The inscription on the temple stele does not explicitly indicate the specific time of its creation. The “Jinshi Lu” dates back to September of the third year of the Dali 大曆 era (768 AD) (Zhao 2009, p. 68), and information such as “After the death of Li Guozhen, Gong (郭子儀) took command of Jiangzhou for the second time. After Fugu Huaien’s rebellion, Gong defended Hedong for the second time 李国桢之遇祸,公复总戎故绛;仆固怀恩之逆命,公又出镇河东” and “Since taking over the army, Gong guarded our hometown three times 自公杖钺,三至我里”, which also indicate the time of the inscription. The Jiu Tangshu 舊唐書 (Old Tang History) biography of Guo Ziyi states that the third time Guo Ziyi guarded Hezhong 河中 was in March of the third year of the Dali era (768 AD) (Liu 1975, p. 3463). The Tubo 吐蕃 attacked Lingwu 靈武 in August of that year. The first day of the next month, Emperor Daizong issued an edict ordering Guo Ziyi to move 50,000 soldiers from Hezhong to Fengtian 奉天 for defensive purposes (Sima 1956, p. 7204). The inscription mentions “having completed the mission in less than a month 曾不踰月,克復于成”. Taking into consideration the time constraints from construction to completion of the temple and monument, it is evident that Guo Ziyi had already agreed to this project before September, and the temple stele was completed after he left.
Regarding the location of the stele, the inscription states that it was “in Hexi County of Hezhong Fu 河中府河西縣”. However, the original site of the River God Temple is not there but in Linjin 臨晉 of Tongzhou 同州 (also named Chaoyi 朝邑), which was also the place where sacrifices occurred in Hedu before the Tang Dynasty. In the fifteenth year of the Kaiyuan 開元reign of Emperor Xuanzong of Tang (727 AD), the River God Temple underwent a migration. According to an entry “Hexi County, Hezhong Fu” in the Geographical Records of Xin Tangshu 新唐書 (New Tang History), “In the fifteenth year of the Kaiyuan, the temple of the River God was relocated from Chaoyi County to Hexi County” (Ouyang 1975, p. 1000). The reason relates to a flood of the Luo River. According to the “Five Elements Annals” in the New Tang History, in July of that year “the Luo River overflowed and entered the city, with a depth of several meters. The dead were not counted, damage was caused to the city of Tongzhou and Pingyi County 馮翊縣, and there were more than two thousand households of floating residents 洛水溢,入鄜城,平地丈余,死者无算,坏同州城市及冯翊县,漂居民二千余家” (Ouyang 1975, p. 931). Given the fierce flood submerged the city of Tongzhou, the fate of the River God’s Temple, which was located downstream, can be imagined. Thus, the temple was relocated to a new site. The entry for “Hexi County” in the “Taiping Huanyu Ji 太平寰宇記” records that the “Temple of [the] river god is located one mile northwest of the Hexi county 河渎庙,在县正西北城外一里” (Yue 2007, p. 956). This information aligns with the account in the Xin Tangshu, which confirms the relocation of the River God’s temple to Hexi County.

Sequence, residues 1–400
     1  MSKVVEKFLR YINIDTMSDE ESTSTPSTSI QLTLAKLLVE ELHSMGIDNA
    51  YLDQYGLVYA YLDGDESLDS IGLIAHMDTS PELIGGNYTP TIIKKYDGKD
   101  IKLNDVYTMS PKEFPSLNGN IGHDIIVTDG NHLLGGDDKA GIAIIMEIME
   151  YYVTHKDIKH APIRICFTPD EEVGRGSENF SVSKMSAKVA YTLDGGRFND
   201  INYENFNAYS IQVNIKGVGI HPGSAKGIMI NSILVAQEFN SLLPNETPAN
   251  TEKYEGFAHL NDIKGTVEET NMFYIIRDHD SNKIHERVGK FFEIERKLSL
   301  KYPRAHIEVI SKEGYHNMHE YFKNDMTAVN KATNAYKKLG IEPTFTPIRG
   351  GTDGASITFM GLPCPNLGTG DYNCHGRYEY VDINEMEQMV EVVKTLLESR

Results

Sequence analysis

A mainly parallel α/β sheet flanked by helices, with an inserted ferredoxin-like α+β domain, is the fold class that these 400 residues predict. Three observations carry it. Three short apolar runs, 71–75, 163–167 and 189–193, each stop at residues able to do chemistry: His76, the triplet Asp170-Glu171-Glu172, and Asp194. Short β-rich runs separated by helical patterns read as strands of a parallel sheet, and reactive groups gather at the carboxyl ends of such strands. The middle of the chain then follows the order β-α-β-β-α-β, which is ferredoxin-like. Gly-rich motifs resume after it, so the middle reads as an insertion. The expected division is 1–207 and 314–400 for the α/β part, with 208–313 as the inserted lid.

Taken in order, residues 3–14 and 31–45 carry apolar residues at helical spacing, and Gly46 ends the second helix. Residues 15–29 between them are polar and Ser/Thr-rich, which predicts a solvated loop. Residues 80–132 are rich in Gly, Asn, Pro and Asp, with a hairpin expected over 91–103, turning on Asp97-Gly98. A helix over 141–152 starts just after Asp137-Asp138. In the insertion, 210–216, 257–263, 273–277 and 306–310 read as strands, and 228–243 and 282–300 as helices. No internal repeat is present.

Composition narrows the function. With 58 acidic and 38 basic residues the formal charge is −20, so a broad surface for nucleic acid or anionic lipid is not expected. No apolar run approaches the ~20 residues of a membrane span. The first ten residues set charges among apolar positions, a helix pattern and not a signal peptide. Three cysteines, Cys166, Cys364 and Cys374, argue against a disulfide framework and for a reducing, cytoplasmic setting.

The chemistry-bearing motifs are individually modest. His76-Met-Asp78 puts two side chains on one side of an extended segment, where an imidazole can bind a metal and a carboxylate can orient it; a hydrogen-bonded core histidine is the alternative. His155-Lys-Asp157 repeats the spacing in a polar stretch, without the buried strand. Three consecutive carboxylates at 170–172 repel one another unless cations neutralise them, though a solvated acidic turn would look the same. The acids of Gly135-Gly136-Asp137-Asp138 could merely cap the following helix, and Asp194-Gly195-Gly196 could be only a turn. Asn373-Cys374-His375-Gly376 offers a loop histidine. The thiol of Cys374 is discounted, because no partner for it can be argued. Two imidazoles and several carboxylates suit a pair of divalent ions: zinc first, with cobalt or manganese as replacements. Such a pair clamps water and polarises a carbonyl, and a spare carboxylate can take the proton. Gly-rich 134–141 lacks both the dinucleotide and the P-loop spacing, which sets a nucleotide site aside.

Investigation of the temporal and spatial aspects surrounding the establishment of the monument reveals that the temple is situated one li 里 northwest of Hexi County, adjacent to Pujin Guan 蒲津關. In September of the third year of the Dali reign, Guo Ziyi renovated the temple and erected a monument here, which not only made it convenient to worship the Yellow River, but also attracted the attention of passersby, for it was located “in Yongzhou district, near the capital 在雍州之域,通天子之都”. Unlike buried epitaphs, which form a relatively private personal expression and remain unseen by people for a long time, large-scale inscriptions are often placed along main roads. They have a strong visual impact on pedestrians and serve as significant features of the landscape. Additionally, the inscriptions on these tablets function as public political declarations (Qiu 2012, p. 37). Coincidentally, after the completion of the temple stele, Guo Ziyi met the Emperor in October of that year, and shortly after returning to the river, relocated the Shuofang Jun 朔方軍 to Binzhou 邠州. Thereafter, this army guarded Pu 蒲(河中府) and Bin 邠, respectively (Sima 1956, p. 7204). Therefore, we have reason to believe that establishing such a monument at the time when Guo Ziyi was preparing to depart from Hezhong was not a whim, but rather possessed deeper political implications.

3. Praising the Gods and Recording Merit: Textual Expression in the Temple Stele

Ye Changchi 葉昌熾, a Qing Dynasty scholar, notes that “there are four purposes to erecting a monument 立碑之例,厥有四端”, i.e., describing virtue, inscribing achievements, recording events, and compiling speeches (Ye 2009, p. 665). Generally speaking, temple steles are erected beside temples, ancestral halls, and other buildings, thereby enabling passers-by to gain insights into the nature of these temples and ancestral buildings, as well as the achievements, morals, and behaviors of the worshippers (Xu and Wu 2002, p. 101). Zhao Chao 趙超 classifies temple steles as “merit steles (Gongde Bei 功德碑)”. He believes that the purpose of the temple monument—as inferred from its object and the content of the eulogy—is to exalt the divine spirit and benevolence while seeking divine protection (Zhao 2019, p. 139). Wang Qisun 王芑孫, another Qing Dynasty scholar, points out during a discussion of the “Yuedu Temple Stele Example” in the Eastern Han Dynasty, that most of the inscriptions in the Han Dynasty were the words of subordinates praising superiors. Although the stele of Yuedu 岳瀆 Temple was not specially created for this purpose, it also praises sacrifices and prayers in the middle or at the end of the inscription, which was also the origin of Changli 昌黎(韓愈) “Nanhai Shenmiao 南海神廟” and Dongpo 東坡(蘇軾) “Baozhong Guan 表忠觀” (Wang 1986, pp. 237–38). Wang Qisun suggests that the mode of temple inscriptions in the Tang and Song dynasties was inherited from the Eastern Han Dynasty. Indeed, since the Eastern Han Dynasty, the textual narrative tradition of temples and steles, which not only extols the efficacy of deities but also accentuates the accomplishments and virtues of local officials, has exerted a profound influence (Xia 2021, p. 21).